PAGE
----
The landfill on Tangerine Road will close by the end of the year and another in Sahuarita will close next year as part of a deal to privatize the day-to-day operations of Pima County's dumps and other waste-collection stations.
The Pima County Board of Supervisors has signed off on a $10 million contract with Tucson Recycling and Waste Services to manage the county's four landfills, two transfer stations, four rural collection sites and its waste-tire program. The only exception in the deal will be the Ina Road Landfill, which will remain closed.
The landfills on Tangerine Road and in Sahuarita are nearly full, county officials note, but both sites will remain open to residents as transfer stations. Tucson Recycling and Waste Services will build - at its cost - transfer stations to allow locals to drop off trash and recyclable material, said Ursula Kramer, director of the county Department of Environmental Quality.
Two other rural transfer stations, in Lukeville and Why, will close as part of the privatization of services. County officials say neither location serves the general public.
The deal is expected to save the county at least $250,000 annually - although the agency will continue to transfer $1.75 million annually from the general fund to subsidize operations.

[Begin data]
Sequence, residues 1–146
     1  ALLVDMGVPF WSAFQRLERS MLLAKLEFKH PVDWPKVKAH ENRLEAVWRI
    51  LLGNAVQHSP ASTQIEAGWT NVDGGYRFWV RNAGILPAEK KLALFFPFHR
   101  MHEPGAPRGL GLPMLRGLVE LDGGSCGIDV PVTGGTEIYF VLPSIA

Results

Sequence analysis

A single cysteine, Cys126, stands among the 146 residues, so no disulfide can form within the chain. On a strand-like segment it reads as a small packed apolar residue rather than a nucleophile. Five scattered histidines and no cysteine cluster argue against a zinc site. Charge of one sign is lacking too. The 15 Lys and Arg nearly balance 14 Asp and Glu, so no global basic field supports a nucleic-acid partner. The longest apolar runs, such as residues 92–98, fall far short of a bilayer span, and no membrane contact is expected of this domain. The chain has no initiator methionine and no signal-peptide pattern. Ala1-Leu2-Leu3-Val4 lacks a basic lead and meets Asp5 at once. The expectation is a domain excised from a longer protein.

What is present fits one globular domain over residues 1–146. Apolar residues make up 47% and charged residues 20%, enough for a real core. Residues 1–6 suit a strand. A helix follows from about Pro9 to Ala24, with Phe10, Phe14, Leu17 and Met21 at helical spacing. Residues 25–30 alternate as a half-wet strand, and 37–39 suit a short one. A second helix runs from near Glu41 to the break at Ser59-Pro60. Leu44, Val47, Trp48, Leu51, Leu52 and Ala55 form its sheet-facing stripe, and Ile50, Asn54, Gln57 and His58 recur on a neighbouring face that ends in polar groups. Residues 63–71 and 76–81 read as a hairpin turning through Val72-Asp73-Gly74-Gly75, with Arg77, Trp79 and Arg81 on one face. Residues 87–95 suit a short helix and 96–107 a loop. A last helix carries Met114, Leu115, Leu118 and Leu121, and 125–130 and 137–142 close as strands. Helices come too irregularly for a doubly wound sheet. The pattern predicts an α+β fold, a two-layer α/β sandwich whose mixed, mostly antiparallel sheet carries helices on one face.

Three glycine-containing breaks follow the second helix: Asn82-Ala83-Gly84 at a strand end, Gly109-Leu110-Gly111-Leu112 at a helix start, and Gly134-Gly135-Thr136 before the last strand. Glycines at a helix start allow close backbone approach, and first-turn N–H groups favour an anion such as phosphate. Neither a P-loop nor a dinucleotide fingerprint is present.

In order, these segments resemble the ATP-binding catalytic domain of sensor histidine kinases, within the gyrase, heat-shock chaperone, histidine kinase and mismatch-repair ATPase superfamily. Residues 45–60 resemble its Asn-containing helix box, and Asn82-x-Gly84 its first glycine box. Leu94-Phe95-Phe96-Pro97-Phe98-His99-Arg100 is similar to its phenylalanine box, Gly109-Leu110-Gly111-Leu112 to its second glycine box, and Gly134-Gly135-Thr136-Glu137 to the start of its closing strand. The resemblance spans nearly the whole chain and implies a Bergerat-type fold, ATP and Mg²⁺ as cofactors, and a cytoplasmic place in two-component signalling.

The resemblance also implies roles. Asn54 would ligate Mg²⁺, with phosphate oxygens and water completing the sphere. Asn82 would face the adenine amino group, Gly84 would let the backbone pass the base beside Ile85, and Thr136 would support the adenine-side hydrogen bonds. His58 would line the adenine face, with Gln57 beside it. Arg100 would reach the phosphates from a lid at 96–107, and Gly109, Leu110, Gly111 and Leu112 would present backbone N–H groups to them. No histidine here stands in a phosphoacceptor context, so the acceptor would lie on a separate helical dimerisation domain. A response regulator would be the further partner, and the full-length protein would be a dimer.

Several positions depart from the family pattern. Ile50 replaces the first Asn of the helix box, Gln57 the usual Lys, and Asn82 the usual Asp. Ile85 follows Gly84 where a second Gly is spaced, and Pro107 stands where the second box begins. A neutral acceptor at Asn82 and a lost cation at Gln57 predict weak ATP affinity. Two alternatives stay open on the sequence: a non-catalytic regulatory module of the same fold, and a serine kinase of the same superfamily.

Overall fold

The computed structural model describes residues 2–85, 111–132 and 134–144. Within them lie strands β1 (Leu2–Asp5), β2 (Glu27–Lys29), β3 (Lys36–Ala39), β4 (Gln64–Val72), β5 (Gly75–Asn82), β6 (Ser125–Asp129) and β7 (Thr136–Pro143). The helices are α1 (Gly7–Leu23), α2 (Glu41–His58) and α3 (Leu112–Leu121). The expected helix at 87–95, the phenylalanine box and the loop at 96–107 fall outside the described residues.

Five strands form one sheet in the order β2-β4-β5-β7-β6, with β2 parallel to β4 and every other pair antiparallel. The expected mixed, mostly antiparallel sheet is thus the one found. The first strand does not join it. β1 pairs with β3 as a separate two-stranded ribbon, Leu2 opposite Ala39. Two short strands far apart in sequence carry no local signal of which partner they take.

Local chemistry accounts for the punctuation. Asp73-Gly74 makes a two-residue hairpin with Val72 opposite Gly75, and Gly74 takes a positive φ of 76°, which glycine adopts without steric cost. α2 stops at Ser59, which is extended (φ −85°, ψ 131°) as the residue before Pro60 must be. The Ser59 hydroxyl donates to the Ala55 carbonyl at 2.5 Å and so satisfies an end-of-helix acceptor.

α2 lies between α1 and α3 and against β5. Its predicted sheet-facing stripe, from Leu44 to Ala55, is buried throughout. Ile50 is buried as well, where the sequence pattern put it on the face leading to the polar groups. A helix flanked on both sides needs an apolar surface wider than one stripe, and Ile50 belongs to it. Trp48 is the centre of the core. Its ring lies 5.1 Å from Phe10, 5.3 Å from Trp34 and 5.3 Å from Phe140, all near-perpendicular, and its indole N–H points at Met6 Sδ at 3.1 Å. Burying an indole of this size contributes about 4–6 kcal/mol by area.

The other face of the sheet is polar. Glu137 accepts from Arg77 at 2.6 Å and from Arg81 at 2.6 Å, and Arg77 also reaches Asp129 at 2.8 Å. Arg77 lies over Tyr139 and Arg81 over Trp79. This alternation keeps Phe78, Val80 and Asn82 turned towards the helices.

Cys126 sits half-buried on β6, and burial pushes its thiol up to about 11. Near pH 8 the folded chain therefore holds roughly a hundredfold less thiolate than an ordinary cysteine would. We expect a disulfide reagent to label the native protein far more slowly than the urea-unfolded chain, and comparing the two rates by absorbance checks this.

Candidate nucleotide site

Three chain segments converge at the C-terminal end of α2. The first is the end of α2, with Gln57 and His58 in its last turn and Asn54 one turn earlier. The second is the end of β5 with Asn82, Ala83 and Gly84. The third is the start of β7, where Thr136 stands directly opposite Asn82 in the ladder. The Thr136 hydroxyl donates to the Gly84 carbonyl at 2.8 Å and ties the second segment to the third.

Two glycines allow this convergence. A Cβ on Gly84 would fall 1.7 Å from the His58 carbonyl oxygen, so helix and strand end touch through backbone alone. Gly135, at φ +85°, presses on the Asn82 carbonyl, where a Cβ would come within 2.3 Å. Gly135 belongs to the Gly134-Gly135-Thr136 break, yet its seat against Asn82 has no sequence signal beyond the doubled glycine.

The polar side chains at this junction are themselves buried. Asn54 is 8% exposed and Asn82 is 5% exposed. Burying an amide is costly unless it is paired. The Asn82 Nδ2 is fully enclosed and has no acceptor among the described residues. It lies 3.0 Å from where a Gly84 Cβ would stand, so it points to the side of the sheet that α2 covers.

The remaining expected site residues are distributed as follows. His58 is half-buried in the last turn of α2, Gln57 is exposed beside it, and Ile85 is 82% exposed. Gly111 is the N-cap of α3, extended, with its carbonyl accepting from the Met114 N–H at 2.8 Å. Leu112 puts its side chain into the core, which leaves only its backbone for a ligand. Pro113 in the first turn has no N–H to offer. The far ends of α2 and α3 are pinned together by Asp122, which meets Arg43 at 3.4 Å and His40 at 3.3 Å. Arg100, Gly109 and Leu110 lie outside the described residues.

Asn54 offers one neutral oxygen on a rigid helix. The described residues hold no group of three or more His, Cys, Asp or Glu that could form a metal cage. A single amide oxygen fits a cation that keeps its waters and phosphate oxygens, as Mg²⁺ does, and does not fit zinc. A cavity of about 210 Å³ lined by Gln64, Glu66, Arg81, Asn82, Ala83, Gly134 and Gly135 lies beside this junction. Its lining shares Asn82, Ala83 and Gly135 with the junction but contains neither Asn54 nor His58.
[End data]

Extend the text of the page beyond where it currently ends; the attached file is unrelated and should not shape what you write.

Competition from dumps run by Waste Management Inc. is the main reason county landfills are operating at a deficit, according to county memo dated January 14.
The county will be provided cover material for the closure of the Tangerine Road landfill at no cost other than to haul soil and other organic waste from the Marana Regional Landfill.
The free cover material is expected to save the county $1.75 million over the course of the decade-long contract.
Currently, the county pays Granite Construction $5 for every cubic yard of cover material it brings to the Tangerine Road landfill.
A memo written by County Administrator Chuck Huckelberry said employees working at the landfills have been offered other jobs inside the organization.
Several residents in Ajo objected to the proposal, saying the possibility of implementing fees to use the landfill would lead to poorer residents' choosing to dump their garbage in the desert.
It is possible the contractor could choose to implement fees, Huckelberry concedes, but it would still require separate approval by the supervisors at a future meeting.
Currently, it costs $400,000 a year to operate the landfill in Ajo.
Contact reporter Joe Ferguson at firstname.lastname@example.org or 573-4346.